FIGS. 12-17 illustrate a chip actuator cover assembly in accordance with the invention, generally denoted by the numeral 107, for use with an IHS chip package. As with the prior version, the carrier housing 109 for the actuator mechanism 111 carries a pedestal assembly 113, which is spring-mounted to the bottom of the carrier housing in a manner similar to that previously described. In this version, the pedestal assembly includes pedestal heat sink 115 having a bottom pusher end 117, but no pusher frame. The pusher assembly is actuated in the z-axis direction in the same manner as the previous invention by moving the handle of the actuator mechanism from an open to a closed position to cause the cam discs 119 of the actuator mechanism to exert a z-axis force against leaf springs 121. As with the previous embodiment, this actuating force is transmitted to the corner regions of the pedestal assembly, causing the pusher end 117 of pedestal heat sink 115 to advance against the top of the heat spreader of the IC chip. This advancement is generally illustrated in FIGS. 12-16, wherein the pusher end of the pedestal heat sink is shown as advancing from a retracted position in FIGS. 12 and 13 to an actuating position shown in FIGS. 14 and 15, where the pusher end contacts the top of the heat spreader H of IC chip C.

In a manner similar to the previously described embodiment, heat transfer from the spreader H of the IC package contacted by the pusher end of the pedestal heat sink 115 is facilitated by a plurality of cooling pillars 116, which are affixed to the top of the heat pedestal heat sink.

FIG. 16 shows in yet greater detail the spring-mounting of the pedestal assembly 113 to carrier housing 109 by use of shoulder screws 123, which are the same as the shoulder screws 81 in the embodiment of FIGS. 1-9A. Each of the corner screw holes for the shoulder screws have counter openings 125 at the bottom of the outer pedestal frame 127 to receive and capture compression springs 129. The biasing force of the compression springs, which acts against the bottom of the outer pedestal frame, will bias the entire pedestal assembly to its shown retracted position until a z-axis actuating force is exerted on the leaf springs.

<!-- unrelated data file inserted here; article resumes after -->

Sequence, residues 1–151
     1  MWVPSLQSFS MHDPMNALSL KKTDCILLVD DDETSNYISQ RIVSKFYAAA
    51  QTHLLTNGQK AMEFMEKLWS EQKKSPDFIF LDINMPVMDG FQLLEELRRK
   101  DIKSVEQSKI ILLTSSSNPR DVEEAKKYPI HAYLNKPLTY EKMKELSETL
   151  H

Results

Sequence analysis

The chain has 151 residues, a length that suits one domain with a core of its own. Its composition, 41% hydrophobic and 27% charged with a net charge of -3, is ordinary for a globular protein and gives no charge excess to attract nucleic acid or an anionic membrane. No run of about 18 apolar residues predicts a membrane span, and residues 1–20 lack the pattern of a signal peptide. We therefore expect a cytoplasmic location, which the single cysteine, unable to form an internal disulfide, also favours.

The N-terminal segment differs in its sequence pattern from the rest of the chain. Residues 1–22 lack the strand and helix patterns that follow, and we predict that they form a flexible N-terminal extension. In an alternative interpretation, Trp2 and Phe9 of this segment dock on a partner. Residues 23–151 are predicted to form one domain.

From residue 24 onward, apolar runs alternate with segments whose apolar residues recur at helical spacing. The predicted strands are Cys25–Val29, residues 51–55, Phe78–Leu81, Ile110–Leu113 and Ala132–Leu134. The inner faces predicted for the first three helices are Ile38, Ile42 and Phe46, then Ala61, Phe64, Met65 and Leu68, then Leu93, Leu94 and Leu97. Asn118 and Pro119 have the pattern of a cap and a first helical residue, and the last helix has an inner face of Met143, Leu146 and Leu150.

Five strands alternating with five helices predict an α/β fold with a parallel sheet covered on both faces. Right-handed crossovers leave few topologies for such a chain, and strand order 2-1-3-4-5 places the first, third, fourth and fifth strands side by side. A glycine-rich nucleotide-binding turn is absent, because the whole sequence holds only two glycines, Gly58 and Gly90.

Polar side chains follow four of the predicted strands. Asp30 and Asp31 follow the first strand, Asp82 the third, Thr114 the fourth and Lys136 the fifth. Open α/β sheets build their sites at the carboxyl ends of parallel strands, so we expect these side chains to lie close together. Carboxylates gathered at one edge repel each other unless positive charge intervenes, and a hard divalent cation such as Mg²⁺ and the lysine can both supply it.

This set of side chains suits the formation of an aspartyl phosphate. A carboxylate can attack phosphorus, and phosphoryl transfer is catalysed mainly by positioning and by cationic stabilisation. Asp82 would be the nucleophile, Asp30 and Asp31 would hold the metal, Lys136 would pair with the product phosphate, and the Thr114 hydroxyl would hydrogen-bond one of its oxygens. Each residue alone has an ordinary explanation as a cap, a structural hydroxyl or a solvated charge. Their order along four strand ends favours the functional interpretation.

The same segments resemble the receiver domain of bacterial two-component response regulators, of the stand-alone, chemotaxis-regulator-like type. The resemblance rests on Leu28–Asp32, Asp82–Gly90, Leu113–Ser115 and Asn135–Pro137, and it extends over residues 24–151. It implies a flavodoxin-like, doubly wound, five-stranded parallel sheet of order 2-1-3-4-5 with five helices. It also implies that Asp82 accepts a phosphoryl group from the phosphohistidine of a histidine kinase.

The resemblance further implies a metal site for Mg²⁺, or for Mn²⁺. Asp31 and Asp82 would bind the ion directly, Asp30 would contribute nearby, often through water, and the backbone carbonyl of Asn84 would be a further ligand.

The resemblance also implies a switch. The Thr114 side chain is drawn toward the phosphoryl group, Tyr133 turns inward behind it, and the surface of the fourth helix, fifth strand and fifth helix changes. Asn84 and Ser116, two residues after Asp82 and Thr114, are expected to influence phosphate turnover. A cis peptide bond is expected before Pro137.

It shall be understood that, while the present invention is described in considerable detail in the foregoing specification and accompanying drawings, it is not intended that the scope of the invention be limited to such detail except and to the extent necessitated by the following claims.

Patent Citations
Cited PatentFiling datePublication dateApplicantTitle
US5086269Mar 8, 1991Feb 4, 1992Hewlett-Packard CompanyBurn-in process and apparatus
US5127837Aug 28, 1991Jul 7, 1992Labinal Components And Systems, Inc.Electrical connectors and IC chip tester embodying same
US5387120Feb 19, 1993Feb 7, 1995Wells Electronics, Inc.Latching IC connector
US5647756Dec 19, 1995Jul 15, 1997Minnesota Mining And ManufacturingIntegrated circuit test socket having toggle clamp lid
US5688128Jan 3, 1995Nov 18, 1997Texas Instruments IncorporatedDetachable socket for an IC chip
US5924183Apr 29, 1997Jul 20, 1999Cirrus Logic, Inc.Method of adapting a hand test socket for use in a workpress assembly
US6297654 *Jun 22, 2000Oct 2, 2001Cerprobe CorporationTest socket and method for testing an IC device in a dead bug orientation
US6354859 *Mar 18, 1999Mar 12, 2002Cerprobe CorporationCover assembly for an IC socket
US6559665Apr 4, 2000May 6, 2003Cerprobe CorporationTest socket for an IC device
US7195507 *Aug 6, 2004Mar 27, 2007Yamaichi Electronics U.S.A., Inc.Socket apparatus with actuation via pivotal motion
US7411794 *Mar 24, 2006Aug 12, 2008Yamaichi Electronics Co., Ltd.Carrier unit for a semiconductor device and semiconductor socket using the same
US20030181076 *Mar 19, 2003Sep 25, 2003Enplas CorporationContact pin and socket for electrical parts
Referenced by
Citing PatentFiling datePublication dateApplicantTitle
US8686749 *Apr 30, 2010Apr 1, 2014International Business Machines CorporationThermal interface material, test structure and method of use
US20110267084 *Apr 30, 2010Nov 3, 2011International Business Machines CorporationThermal interface material, test structure and method of use
Classifications
U.S. Classification439/73
International ClassificationH01R12/00
Cooperative ClassificationG01R1/0466
European ClassificationG01R1/04S3D3
Legal Events
DateCodeEventDescription
Mar 15, 2013FPAYFee payment
Year of fee payment: 4
Nov 8, 2011CCCertificate of correction
Dec 15, 2009ASAssignment
Owner name: ESSAI, INC., CALIFORNIA
Free format text: ASSIGNMENT OF ASSIGNORS INTEREST;ASSIGNORS:BARABI, NASSER;KRYACHEK, OKSANA;HO, CHEE-WAH;REEL/FRAME:023657/0766;SIGNING DATES FROM 20091130 TO 20091202
Owner name: ESSAI, INC.,CALIFORNIA
Free format text: ASSIGNMENT OF ASSIGNORS INTEREST;ASSIGNORS:BARABI, NASSER;KRYACHEK, OKSANA;HO, CHEE-WAH;SIGNED BETWEEN 20091130 AND 20091202;US-ASSIGNMENT DATABASE UPDATED:20100329;REEL/FRAME:23657/766
Free format text: ASSIGNMENT OF ASSIGNORS INTEREST;ASSIGNORS:BARABI, NASSER;KRYACHEK, OKSANA;HO, CHEE-WAH;SIGNING DATES FROM 20091130 TO 20091202;REEL/FRAME:023657/0766